From Our 2012 Archives
Belly Fat Bad for Men's Bones
By Charlene Laino
Reviewed by Louise Chang, MD
Nov. 28, 2012 (Chicago) -- Obese men with beer bellies may be at greater risk of weak bones and fractures than obese men whose fat tends to gather in the thighs and buttocks, a small study suggests.
Previous research has shown that belly fat is bad for women's bones. So when a recent study showed that obese men have more fractures than their non-obese counterparts, Harvard researchers wanted to find out if the type of fat mattered in men, too.
"What we found is that obese men with deep belly fat had much, much weaker bones than other obese men," says researcher Miriam Bredella, MD, a radiologist at Massachusetts General Hospital and associate professor of radiology at Harvard Medical School.
The findings were presented here today at the annual meeting of the Radiological Society of North America.
Obesity: Bad for the Bones
According to the National Center for Health Statistics, more than 37 million American men over age 20 are obese. Obesity is associated with many health problems, including heart disease, stroke, and diabetes.
But for years, obesity and body fat were thought to have at least one redeeming quality: Stronger bones and a lower risk for osteoporosis and related fractures, says Thomas Link, MD, professor of radiology at the University of California, San Francisco.
That belief was crushed by a study linking obesity to fractures as well as two other studies linking body fat to weaker bones and lower bone density, he says.
The new study puts the nail in the coffin and takes the research a step further, Link says.
"It shows that obese patients with a lot of fat around the gut and liver have less bone strength and lower bone quality, and are probably at great risk of osteoporosis and osteoporotic fractures," he says. He was not involved with the study.
Belly Fat Bad for the Bones: Study Details
Bredella and colleagues studied 35 obese but otherwise healthy men whose average age was 34.
Their average body mass index, or BMI, was 36.5; values of 30 and higher are considered obese.
The men underwent CT scans of the abdomen and thigh to assess fat and muscle mass. Then they were divided into two groups, depending on whether they had more visceral (belly) fat located deep under the muscle tissue in the abdomen or more fat located below the skin in the thigh and buttock areas.
Then the researchers took high-resolution CT scans of the men's forearms and wrists. A sophisticated computer technique was used to assess bone strength and predict fracture risk.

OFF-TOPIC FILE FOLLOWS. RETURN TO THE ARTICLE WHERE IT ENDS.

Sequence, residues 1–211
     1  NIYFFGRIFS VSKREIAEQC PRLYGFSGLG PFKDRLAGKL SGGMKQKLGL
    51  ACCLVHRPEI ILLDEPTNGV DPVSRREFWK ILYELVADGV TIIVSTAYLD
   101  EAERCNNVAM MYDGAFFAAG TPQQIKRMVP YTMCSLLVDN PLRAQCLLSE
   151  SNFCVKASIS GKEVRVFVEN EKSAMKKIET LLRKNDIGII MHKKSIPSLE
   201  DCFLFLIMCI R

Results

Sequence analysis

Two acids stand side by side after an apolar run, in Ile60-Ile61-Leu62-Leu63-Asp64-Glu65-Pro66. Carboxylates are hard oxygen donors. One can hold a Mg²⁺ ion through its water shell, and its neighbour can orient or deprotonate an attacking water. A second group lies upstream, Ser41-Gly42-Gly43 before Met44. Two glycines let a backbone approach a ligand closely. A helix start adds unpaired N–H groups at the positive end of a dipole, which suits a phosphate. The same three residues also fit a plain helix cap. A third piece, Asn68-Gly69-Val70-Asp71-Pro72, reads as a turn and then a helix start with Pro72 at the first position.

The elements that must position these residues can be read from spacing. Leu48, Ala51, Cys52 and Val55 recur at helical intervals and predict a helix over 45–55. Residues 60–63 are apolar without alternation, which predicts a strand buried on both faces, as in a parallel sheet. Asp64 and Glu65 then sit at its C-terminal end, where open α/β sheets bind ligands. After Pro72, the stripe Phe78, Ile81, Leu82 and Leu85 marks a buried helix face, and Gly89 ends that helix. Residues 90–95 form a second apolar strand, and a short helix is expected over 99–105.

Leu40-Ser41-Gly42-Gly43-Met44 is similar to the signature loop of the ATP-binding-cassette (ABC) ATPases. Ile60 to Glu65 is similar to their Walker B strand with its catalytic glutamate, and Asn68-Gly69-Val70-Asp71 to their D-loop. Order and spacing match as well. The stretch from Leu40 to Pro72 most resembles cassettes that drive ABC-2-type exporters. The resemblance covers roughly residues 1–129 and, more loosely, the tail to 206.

"It's a technique that is frequently used in mechanical engineering to determine the breaking point of materials used in the design of bridges and airplanes, among other things," Bredella says.
Because use of the technique to measure bone strength is so novel, researchers don't know for sure what normal values should be. "But what we can say is that the more belly fat a man had, the weaker his bones," she says.
Overall, the researchers predicted that obese men with deep belly fat would be 25% more likely to break a bone than obese men with more superficial fat.
They also found an association between greater muscle mass and increased bone strength; however BMI and age had no effect on bone strength.
What to Do?
So what's an obese man with a lot of belly fat to do?
Where you gain fat is for the most part genetically determined, Bredella says. "But it is one more reason not to gain excess weight in the first place," she says.
Weight-bearing exercises like brisk walking and aerobics are "really good for building strong bone," she says. And resistance and strength training exercises such as lifting weights and climbing stairs are also helpful, Bredella says.
These findings were presented at a medical conference. They should be considered preliminary, as they have not yet undergone the "peer review" process, in which outside experts scrutinize the data prior to publication in a medical journal.
SOURCES: Radiological Society of North America 98th Scientific Assembly and Annual Meeting, Chicago, Nov. 25-30, 2012. Miriam Bredella, MD, department of radiology, Massachusetts General Hospital; associate professor of radiology, Harvard Medical School, Boston. Thomas Link, MD, professor of radiology, University of California, San Francisco. Zhao, L. Journal of Clinical Endocrinology and Metabolism, May 2007.